The Creatives Project [TCP] had placed under contract for purchase the property at 1474 Metropolitan Pkwy to serve a future artist-in-residency home. The closing date was tentatively scheduled for Feb. .
- share our story
- donate a vacant property/lease
- make a tax deductible donation to the HeArt House Project
- recommend properties for purchase as TCP searches for a new location
- introduce TCP to historic conservationists who may assist with rebuilding the destroyed property (property's history below)
- identify corporate donors and private funders whose philanthropic goals align with our mission
- suggest TCP to new supporters; volunteers, patrons, sponsors, partners
- recommend our program offerings to artists and communities
How did we get here? Where will your donations go?
We apologize in advance for the lengthy text below BUT we want for you to know what you are supporting. You can skip it if you like;)
Before the fire:
We are a grassroots organization who has relied solely on individual donations and corporate sponsorships. Last fall we presented a business plan to a local patron. He was impressed and agreed to finance a loan to enable our organization to purchase this property. WOW. We were so excited. To top it off he also agreed to a loan for renovation expense in the event we were unable to raise all the funds needed up front. Once launched, residency income would support the mortgage. We also secured a number of partnerships to help offset renovation costs (download more info here). We estimated total costs of the purchase and rebuild to be 60k-80K as we continued to secured partnerships for material donations and pro bono services. Things were looking great, the community was coming together to make the HeART House happen. Without you, our partners, and this unnamed patron we could not have made it this far!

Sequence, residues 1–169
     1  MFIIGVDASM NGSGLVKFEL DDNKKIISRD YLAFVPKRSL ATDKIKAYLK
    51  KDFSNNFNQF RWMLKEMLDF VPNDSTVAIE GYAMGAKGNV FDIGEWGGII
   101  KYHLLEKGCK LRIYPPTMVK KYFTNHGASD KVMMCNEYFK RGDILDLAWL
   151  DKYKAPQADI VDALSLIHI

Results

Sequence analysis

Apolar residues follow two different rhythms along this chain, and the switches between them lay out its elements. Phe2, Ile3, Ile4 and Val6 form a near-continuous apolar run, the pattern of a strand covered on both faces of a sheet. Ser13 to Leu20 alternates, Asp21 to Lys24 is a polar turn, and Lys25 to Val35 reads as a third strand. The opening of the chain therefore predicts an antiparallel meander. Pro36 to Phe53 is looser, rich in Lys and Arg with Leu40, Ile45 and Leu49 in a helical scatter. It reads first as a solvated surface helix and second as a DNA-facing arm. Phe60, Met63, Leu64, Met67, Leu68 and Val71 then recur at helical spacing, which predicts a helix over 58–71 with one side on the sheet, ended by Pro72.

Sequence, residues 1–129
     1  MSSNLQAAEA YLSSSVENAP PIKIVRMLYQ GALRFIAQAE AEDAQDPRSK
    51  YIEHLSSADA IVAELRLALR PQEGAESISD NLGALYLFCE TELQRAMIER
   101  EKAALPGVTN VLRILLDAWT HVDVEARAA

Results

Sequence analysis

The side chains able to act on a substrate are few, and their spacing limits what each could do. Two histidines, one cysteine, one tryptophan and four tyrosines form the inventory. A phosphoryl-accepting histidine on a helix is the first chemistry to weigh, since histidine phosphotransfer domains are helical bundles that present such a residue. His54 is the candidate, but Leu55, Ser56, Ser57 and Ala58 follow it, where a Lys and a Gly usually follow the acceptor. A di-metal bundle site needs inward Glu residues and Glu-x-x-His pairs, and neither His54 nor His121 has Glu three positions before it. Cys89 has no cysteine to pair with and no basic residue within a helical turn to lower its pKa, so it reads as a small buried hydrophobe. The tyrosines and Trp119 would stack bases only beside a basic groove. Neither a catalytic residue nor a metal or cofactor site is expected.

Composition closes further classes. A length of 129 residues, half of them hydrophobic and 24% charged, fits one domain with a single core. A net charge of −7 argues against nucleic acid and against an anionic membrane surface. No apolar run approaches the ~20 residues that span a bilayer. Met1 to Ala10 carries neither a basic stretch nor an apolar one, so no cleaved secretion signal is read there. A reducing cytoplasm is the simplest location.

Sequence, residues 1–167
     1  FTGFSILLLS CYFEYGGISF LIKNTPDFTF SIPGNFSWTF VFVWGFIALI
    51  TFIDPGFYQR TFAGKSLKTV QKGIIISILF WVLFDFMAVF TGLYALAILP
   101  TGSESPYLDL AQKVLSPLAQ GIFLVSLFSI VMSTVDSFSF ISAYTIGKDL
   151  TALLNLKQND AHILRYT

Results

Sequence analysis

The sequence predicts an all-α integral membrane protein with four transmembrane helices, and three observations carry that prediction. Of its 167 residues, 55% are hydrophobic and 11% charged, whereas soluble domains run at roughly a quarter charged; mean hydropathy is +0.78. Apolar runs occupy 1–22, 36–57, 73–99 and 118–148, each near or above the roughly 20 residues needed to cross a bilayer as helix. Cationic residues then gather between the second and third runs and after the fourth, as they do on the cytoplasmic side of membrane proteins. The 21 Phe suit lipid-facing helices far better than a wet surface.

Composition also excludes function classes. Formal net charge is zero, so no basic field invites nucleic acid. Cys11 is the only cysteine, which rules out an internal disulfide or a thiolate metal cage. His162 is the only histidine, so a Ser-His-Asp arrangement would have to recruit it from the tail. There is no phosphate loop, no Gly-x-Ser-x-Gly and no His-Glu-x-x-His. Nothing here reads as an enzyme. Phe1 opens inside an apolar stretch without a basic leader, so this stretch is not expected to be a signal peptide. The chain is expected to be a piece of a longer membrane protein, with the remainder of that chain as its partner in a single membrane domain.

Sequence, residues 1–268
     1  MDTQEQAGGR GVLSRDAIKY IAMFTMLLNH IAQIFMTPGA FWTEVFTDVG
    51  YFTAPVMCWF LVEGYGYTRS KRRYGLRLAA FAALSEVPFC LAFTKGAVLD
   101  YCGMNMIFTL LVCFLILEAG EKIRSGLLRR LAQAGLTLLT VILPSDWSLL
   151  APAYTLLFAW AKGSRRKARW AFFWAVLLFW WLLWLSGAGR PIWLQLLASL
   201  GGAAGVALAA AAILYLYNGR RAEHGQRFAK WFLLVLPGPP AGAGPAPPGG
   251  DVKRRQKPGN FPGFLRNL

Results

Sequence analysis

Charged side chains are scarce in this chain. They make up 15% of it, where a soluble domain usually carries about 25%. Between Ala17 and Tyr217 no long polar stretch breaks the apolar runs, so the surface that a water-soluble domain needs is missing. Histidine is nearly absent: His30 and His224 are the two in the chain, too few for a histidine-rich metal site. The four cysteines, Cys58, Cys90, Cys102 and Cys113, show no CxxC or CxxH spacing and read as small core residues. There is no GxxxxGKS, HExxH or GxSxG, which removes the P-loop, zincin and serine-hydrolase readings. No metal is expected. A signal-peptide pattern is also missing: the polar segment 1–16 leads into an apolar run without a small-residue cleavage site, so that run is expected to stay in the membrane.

This week our team was to gear up for the big announcement that TCP had closed on the home. We would begin a call to action for support rallying volunteers and donors to begin the remodel.
Then the fire happened.
After the shock settled with a number of team conversations, the idea to release this story to the public became more important. We felt that the community should be a part of the dialogue as this house was to be a home for the community. It was a special landmark so we wanted to let the community decide its fate. We thought you guys would have suggestions, ideas, and strategies to share. One of those ideas was to contact the media: "what if, just what if, the right eyes fell upon this story?"
SO... some of our hopes for a resolution:
Ideally we could somehow keep this home alive. It is a far stretch but there are extreme home remodeling shows and generous benefactors hiding across the nation! Right? We just need to get the story out to them!